These words are starting to form the next big thing online, so what does it mean?

There are many terms for what is essentially the same thing, so lets see if we can make it a bit more simple 🙂

The “old fashioned way” of hosting

Traditionally your website would be hosted on a physical server, much like your home PC but built to withstand being on 24×7 and always connected to the internet to serve up your website, emails or tweets!

It is possible to ‘cluster’ lots of physical servers together so if one fails the others can take on the load, however this is often complex and brings up new challenges and expenses such as sharing the same files between all the servers. Also you may only have a small site, but one day it appears on the news or a popular website and the ‘slashdot’ effect comes into play, meaning a massive influx of traffic to your site which the server may not be able to handle. Unless you pay for spare servers to be sitting around waiting for this, its hard to protect and keep your site online during such an event.

So given that most servers use around 5-10% of their computing power, that’s a lot of wasted computing power and energy most of the time.

The more efficient and more reliable way

Virtualisation lets you split one very high powered physical server, into several smaller servers, they have their own resources, meaning one physical server can be used much more efficiently. It also allows a servers resources to be scaled quickly if required, a few clicks is all it takes to increase the memory, CPU’s or diskspace a server has access to, letting you react quickly to those spikes in demand and ensuring you only pay for what you need.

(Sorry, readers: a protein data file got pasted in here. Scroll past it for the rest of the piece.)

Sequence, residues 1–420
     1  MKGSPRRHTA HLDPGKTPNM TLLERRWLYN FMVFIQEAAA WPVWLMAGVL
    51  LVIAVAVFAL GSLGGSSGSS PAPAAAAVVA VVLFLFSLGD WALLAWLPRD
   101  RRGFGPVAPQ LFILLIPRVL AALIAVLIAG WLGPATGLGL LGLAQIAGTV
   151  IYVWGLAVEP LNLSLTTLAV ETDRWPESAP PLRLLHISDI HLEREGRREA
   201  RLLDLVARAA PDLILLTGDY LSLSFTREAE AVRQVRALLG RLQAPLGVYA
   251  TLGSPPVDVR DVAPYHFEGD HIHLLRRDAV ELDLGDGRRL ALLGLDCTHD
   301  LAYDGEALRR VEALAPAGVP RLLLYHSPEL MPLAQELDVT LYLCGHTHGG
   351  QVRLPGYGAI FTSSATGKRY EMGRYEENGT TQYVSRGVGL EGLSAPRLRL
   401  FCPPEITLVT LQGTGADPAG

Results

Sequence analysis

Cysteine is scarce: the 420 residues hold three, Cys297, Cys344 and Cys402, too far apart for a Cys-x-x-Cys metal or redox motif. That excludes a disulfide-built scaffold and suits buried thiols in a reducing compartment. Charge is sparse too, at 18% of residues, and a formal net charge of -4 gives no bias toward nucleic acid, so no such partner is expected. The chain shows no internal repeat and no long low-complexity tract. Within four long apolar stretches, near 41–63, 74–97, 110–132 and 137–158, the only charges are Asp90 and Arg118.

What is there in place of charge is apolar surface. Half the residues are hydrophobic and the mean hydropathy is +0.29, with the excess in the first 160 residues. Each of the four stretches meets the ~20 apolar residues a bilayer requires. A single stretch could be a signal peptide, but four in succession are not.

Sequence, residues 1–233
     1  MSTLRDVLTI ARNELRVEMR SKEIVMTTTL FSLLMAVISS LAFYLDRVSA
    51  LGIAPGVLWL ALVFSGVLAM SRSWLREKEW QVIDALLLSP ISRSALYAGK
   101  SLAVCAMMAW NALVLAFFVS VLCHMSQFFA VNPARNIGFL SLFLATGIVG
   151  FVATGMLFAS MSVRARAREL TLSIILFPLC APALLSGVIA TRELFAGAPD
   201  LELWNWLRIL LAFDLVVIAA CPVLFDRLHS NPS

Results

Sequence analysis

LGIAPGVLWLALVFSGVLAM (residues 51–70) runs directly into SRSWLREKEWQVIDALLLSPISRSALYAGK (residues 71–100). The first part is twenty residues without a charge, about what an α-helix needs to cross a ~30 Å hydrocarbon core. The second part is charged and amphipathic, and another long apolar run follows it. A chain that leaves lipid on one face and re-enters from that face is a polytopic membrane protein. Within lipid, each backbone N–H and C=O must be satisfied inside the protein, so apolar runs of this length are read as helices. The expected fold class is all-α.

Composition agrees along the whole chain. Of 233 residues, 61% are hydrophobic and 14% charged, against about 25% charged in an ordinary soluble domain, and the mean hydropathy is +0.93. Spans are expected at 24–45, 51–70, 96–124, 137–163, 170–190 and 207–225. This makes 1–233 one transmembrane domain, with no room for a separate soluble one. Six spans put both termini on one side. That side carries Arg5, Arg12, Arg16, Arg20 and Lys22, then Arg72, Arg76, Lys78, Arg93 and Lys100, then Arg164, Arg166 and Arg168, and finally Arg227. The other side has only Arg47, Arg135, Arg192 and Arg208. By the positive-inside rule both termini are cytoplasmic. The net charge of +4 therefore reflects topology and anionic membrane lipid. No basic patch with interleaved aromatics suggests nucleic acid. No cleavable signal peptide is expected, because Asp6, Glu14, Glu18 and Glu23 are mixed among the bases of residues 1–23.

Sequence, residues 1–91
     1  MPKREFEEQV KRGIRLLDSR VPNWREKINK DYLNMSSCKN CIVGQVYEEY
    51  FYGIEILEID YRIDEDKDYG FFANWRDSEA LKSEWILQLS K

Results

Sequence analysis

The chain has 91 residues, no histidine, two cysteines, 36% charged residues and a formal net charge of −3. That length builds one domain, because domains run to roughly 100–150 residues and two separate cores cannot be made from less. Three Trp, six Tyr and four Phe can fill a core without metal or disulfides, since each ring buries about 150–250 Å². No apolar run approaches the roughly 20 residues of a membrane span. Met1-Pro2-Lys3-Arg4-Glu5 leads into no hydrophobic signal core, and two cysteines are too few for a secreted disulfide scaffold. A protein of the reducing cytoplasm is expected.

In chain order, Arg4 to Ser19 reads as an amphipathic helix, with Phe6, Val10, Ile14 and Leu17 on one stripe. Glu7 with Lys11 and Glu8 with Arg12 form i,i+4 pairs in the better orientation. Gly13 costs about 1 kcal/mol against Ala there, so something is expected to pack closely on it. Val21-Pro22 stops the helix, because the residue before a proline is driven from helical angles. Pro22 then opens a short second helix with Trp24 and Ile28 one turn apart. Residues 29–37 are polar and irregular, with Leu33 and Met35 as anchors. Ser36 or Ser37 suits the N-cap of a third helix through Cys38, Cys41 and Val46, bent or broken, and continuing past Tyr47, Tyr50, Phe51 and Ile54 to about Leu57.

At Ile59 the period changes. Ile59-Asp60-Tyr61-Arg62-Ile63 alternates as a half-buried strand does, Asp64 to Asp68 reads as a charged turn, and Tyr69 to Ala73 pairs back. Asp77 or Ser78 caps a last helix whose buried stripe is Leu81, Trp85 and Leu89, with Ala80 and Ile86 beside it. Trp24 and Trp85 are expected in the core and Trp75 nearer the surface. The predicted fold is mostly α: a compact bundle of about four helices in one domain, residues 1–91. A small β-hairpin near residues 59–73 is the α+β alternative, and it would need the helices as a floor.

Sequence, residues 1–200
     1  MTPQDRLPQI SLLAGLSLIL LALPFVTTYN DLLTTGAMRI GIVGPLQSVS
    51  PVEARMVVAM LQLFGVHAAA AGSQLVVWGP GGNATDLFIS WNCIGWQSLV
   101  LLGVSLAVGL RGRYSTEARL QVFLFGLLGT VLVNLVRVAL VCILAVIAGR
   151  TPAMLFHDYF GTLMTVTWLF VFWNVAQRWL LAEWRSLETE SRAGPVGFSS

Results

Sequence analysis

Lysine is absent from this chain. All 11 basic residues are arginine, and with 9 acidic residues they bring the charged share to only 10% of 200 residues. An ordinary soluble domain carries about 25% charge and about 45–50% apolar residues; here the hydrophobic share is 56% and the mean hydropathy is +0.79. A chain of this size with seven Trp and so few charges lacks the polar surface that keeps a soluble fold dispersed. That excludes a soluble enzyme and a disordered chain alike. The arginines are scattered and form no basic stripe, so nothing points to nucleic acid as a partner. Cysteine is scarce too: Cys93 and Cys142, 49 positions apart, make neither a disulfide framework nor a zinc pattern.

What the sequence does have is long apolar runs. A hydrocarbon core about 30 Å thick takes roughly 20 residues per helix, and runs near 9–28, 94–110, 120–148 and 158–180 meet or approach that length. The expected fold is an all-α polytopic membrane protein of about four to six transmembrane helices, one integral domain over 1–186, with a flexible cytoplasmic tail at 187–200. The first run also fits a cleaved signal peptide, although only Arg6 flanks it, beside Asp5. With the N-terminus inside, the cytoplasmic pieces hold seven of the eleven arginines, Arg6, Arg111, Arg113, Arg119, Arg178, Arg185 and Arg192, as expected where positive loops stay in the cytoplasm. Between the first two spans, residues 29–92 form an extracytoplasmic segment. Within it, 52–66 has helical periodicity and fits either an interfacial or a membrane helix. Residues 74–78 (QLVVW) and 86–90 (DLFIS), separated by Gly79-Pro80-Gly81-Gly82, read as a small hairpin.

A virtual platform could just be one single server sliced up, or a full cluster of servers with shared disks (usually called a SAN). A SAN is essentially a large collection of hard disks which can be accessed by more than one server, meaning that multiple servers can access the same data. This opens up the possibility of servers failing over, meaning if one server failed the virtual servers hosted on it could be moved to another working server and still access the same data, all within a few minutes helping reduce the need for complex failover solutions and reducing the associated cost.

The ‘cloud’ is a term used to describe data or applications held online, however most ‘clouds’ are based on this virtualisation technology, at the end of it all your data is still held on a hard disk somewhere much like it always was, and your application is still running on a server, much like it was. Its the flexibility and additional redundancy that virtualisation provides that really makes the difference, letting you only pay for what you need while (depending on the provider) enjoying the benefit of high end hardware that would usually cost many times the price.

The setup at catalyst2

Our own ‘cloud’ is based on VMware, one of the original and most mature virtualisation platforms, backed by Dell servers and Equalogic SAN’s, we cut no corners in creating one of the most redundant and stable platforms from any UK based host. All the benefits of our management and support, with the added benefit of hardware redundancy and instant scaling, day or night.

  • Dell PowerEdge R610 servers with 48GB RAM and Six-Core Xeons
  • Dell Equalogic SAN’s with 15K SAS disks and replication to another SAN
  • We are VMware professional partners, one of the few who can offer VMware based servers
  • Daily offsite backups
  • 24×7 Freephone Support

What does all this mean for you?

  • A more stable and redundant home for your website and emails
  • Greener hosting for you (virtualisation is much more power efficient)
  • The ability to have a dedicated server of your own setup in hours

If you have any questions about any of our virtualisation platform, feel free to email us –